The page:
Looking for a job? Have you decided on a career path? Want to pursue a career that:
- Has large growth potential
- Is vital to the economy
- Has significant compensation potential
- Is challenging and satisfying
- Involves new technology
- Has high corporate visibility
- Will be experiencing high demand
Have you considered becoming a maintenance technician?
Future generations will quickly learn that our overabundant supplies of accountants, computer programmers and lawyers are driving down the wages of these professions, meanwhile, skilled labor compensation continues to rise.
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Despite exportation of U.S. jobs, maintenance technicians have numerous options available here. Many employers complain of a severe shortage of skilled talent. Mechanics and technicians rank No. 3 and No. 4 on the list of hardest to fill jobs, according to a 2007 manpower survey. That demand is driving up maintenance salaries. Nationwide, the average maintenance technician’s salary has grown to more than $56,000 per year. With overtime, many technicians earn close to six figures.
Companies that would love to expand are frustrated by an education system that doesn’t produce the necessary number of students with appropriate skill sets or the attitude necessary to attain needed skill sets. Many complain that our society’s view of the maintenance of yesterday hasn’t caught up with the realities of today, and as a result, business growth is stalled. With the pending retirement of so many baby boomers, that’s particularly troubling.
Despite negative perceptions, maintenance technicians are no longer just “grease monkeys” performing menial tasks. Companies now not only need technicians to perform maintenance on mechanical systems, but also electrical and electronic systems and microprocessor-based PLCs while tracking their activities using a computerized maintenance management system. Also, companies need technicians who are savvy with predictive maintenance technologies like vibration analysis, ultrasonic leak detection and infrared thermography.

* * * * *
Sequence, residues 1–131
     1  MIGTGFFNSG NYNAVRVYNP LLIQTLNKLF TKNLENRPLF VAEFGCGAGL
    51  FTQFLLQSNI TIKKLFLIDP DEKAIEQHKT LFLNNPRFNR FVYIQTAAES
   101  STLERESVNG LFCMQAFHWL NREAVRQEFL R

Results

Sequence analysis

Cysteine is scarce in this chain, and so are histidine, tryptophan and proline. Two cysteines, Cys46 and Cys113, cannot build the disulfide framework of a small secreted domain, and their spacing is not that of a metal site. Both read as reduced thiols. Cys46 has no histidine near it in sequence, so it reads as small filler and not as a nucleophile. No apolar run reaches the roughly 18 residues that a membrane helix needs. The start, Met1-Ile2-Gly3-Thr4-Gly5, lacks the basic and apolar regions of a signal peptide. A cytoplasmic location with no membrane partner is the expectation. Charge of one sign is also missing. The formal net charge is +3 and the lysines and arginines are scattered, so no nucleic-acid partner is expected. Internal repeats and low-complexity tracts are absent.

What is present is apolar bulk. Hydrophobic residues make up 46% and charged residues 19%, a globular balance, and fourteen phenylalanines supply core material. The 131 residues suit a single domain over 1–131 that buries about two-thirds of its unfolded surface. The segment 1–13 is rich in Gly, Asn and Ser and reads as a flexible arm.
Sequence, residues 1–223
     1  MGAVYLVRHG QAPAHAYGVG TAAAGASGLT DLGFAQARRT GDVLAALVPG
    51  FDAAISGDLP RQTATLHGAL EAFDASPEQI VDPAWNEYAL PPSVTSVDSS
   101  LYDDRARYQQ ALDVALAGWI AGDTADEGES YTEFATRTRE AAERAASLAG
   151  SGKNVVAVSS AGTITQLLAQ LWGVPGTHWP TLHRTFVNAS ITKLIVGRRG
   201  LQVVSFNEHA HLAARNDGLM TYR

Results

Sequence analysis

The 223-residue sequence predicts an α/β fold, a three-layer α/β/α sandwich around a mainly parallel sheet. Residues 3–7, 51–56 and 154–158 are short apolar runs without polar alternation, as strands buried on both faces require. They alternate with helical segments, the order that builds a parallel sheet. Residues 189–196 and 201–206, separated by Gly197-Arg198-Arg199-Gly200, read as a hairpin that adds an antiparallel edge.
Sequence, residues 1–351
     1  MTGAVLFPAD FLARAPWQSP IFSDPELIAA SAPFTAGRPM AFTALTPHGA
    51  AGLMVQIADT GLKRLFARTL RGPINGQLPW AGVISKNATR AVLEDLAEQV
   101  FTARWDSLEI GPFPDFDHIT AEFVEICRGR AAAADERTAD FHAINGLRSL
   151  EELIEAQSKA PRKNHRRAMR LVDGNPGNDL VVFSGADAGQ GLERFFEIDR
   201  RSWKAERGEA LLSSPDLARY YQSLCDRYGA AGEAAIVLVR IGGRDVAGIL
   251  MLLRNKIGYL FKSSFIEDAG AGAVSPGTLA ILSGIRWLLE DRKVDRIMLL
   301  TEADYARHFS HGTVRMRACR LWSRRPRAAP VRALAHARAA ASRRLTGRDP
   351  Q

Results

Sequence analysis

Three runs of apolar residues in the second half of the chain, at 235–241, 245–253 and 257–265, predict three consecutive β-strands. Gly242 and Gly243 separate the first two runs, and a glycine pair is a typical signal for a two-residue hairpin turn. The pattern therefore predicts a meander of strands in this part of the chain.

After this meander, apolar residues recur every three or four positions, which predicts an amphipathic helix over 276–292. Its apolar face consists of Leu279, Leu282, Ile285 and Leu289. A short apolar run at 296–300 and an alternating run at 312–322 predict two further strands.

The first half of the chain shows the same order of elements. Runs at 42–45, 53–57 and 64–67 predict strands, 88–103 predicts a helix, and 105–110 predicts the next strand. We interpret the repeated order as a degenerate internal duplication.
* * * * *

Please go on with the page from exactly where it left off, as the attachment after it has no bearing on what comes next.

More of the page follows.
As companies continue to cut back on operators by purchasing highly sophisticated automation, these systems require more care and attention. Even if plants enjoy a net reduction in labor, they need to grow the maintenance staff to keep equipment operating at optimal levels (see figure).
Poor maintenance contributed to many of the nation’s recent disasters including the BP pipeline leaks in Prudhoe Bay, Alaska, the loss of 15 BP workers’ lives, the mass power outage of the Northeast, the Walter Reed black mold and, most recently, the salmonella outbreak in peanut butter that was determined to be caused by a leaky roof and faulty water sprinkler system. The ConAgra production facility will be closed until August to perform maintenance repairs.
With the importance of proper maintenance now hitting the headlines, to avoid bad publicity and potential lawsuits, more companies are beginning to work down chronic deferred maintenance backlogs and invest more in maintenance development. Therefore, these jobs will continue to grow in importance, stature, wages and volume.
Business and government leaders need to remember as they strive to fund bleeding-edge ideas to get cutting-edge results and competitive advantages in a global marketplace, that we also must polish the rusty edge of business. In other words, we can’t forget to perform proper maintenance of the hydraulic, electronic and electrical systems that sustain us today, as we strive to develop biotech and nanotech solutions for tomorrow.
Nowadays, just to keep up with the advances and changes in the economy, you have to be pretty smart to be smarter than a professional maintenance technician.
Contact Contributing Editor Joel Leonard at [email protected].